Joel Quenneville isn’t worried about Corey Crawford
By Adam L. Jahns firstname.lastname@example.org December 11, 2011 10:46PM
Sharks winger Jamie McGinn beats Hawks goalie Ray Emery in the first period. | Tom Cruze~Sun-Times
Updated: January 13, 2012 8:19AM
All Corey Crawford could do was watch from the bench and work hard in practice as veteran Ray Emery took over in goal the last two games. Crawford, though, is keeping a positive attitude.
“I’m fine,” Crawford said. “I’ll just be hungry for the next time I get into the net.”
There’s no telling exactly when that will be with Emery playing so well for the Hawks, including a stellar 35-save performance in a 3-2 overtime victory Sunday against the San Jose Sharks.
Crawford, still considered the No. 1 goalie, said he hasn’t been working against any specific shot or situation at practice with goalie coach Stephane Waite.
“He’s got some little drills, but he’s not basing them on playing games,” Crawford said. “It’s just drills he does. . . . We get a lot of shots in practice. I’m not trying to do too much. I’m just waiting for the next shot, shot by shot and [going] from there.”
Coach Joel Quenneville laughed off the notion that there’s a goalie controversy brewing before the game.
“It’s a nice situation,” Quenneville said. “Ray has played well. . . . We’ll keep making decisions based on their play. But I think it’s a good situation when we have both guys playing well. Some nights, decisions are tough.”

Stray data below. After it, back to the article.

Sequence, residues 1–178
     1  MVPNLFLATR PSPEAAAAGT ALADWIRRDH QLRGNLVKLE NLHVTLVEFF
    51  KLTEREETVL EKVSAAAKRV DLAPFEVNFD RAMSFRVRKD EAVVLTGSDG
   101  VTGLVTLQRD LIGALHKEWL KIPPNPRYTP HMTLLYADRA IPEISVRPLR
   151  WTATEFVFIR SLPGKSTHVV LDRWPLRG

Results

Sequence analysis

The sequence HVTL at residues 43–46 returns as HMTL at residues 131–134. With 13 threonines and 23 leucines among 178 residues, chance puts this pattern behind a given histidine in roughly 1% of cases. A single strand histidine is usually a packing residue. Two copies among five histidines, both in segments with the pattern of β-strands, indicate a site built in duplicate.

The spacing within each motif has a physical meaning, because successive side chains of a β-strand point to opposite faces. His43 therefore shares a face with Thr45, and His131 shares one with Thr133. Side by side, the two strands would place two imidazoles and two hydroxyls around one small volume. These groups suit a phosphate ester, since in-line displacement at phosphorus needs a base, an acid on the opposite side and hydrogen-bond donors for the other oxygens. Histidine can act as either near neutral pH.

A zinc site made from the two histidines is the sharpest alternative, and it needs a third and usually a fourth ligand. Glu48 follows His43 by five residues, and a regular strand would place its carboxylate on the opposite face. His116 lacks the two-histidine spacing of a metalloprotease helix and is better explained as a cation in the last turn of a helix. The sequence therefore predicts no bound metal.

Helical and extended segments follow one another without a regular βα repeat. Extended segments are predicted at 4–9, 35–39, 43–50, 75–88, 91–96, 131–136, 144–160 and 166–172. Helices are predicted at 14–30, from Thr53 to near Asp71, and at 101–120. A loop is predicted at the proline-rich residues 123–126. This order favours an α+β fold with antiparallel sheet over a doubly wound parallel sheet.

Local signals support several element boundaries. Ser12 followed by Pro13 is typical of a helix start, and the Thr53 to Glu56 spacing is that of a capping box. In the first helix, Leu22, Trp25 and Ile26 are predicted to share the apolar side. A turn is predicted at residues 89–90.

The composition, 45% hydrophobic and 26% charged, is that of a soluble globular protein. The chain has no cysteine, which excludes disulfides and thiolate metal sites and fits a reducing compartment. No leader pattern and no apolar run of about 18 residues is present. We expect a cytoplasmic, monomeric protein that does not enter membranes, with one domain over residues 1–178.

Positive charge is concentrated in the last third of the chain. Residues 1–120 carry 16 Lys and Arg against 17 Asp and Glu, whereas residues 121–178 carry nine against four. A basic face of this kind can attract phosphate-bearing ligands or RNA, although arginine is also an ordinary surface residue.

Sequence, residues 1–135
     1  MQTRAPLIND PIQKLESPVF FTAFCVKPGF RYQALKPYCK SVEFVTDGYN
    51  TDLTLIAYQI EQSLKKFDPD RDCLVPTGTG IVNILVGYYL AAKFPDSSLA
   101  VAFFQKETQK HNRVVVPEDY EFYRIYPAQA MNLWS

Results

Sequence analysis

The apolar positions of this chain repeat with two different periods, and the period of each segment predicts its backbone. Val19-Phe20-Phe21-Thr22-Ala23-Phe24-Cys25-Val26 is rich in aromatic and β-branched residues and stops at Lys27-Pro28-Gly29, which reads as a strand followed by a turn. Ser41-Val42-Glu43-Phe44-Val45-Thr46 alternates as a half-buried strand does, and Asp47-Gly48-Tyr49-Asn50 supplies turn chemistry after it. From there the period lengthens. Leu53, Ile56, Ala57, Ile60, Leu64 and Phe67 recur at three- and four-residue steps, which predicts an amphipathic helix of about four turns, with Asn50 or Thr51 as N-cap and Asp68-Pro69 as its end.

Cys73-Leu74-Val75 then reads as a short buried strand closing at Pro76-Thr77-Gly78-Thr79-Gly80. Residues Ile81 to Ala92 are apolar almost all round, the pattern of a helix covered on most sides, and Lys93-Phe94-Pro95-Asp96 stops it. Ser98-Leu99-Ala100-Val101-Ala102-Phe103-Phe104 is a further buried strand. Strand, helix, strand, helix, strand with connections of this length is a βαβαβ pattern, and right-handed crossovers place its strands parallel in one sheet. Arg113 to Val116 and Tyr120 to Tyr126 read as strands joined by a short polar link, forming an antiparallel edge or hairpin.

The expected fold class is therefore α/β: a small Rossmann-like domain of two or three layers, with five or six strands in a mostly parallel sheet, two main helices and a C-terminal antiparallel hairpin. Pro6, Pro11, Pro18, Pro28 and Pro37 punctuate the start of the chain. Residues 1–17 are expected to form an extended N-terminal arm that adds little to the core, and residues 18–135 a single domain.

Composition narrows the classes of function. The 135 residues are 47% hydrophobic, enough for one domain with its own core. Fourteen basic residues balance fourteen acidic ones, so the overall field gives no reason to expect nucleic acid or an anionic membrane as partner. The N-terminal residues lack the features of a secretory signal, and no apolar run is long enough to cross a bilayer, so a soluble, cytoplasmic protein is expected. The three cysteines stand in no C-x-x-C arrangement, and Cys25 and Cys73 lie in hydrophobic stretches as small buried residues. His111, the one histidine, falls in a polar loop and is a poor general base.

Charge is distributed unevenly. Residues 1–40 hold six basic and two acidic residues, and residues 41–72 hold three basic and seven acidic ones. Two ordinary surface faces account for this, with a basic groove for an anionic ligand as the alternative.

Is he concerned at all about Crawford?
“I think he’s been fine,” Quenneville said. “He’s working on his game. He’s just waiting for his chance to get back into the net. I think his approach has been fine. We’ll measure a little bit more of that when he gets back in.”
Nothing will beat being inducted into the Hockey Hall of Fame on Nov. 19, but Ed Belfour is thrilled to have his own heritage night in Chicago when the Hawks host the Nashville Predators on March 25.
“It means a lot to me,” said Belfour, who manned the Hawks’ goal for parts of eight seasons in his 18-year career. “It’s always a great feeling to be remembered. There’s a lot of special memories here in Chicago. It brought back a lot of memories flying in here today, a lot of good memories and a lot of fun times.”
Belfour ranks second in team history with 35 victories in the playoffs. He also had a franchise-record 43 wins en route to winning the Calder Trophy and Vezina Trophy in 1991.
Winger Bryan Bickell was a healthy scratch for the fifth game in a row. Sean O’Donnell and John Scott also were scratched.
◆ Defenseman Brent Seabrook played in his 500th career game.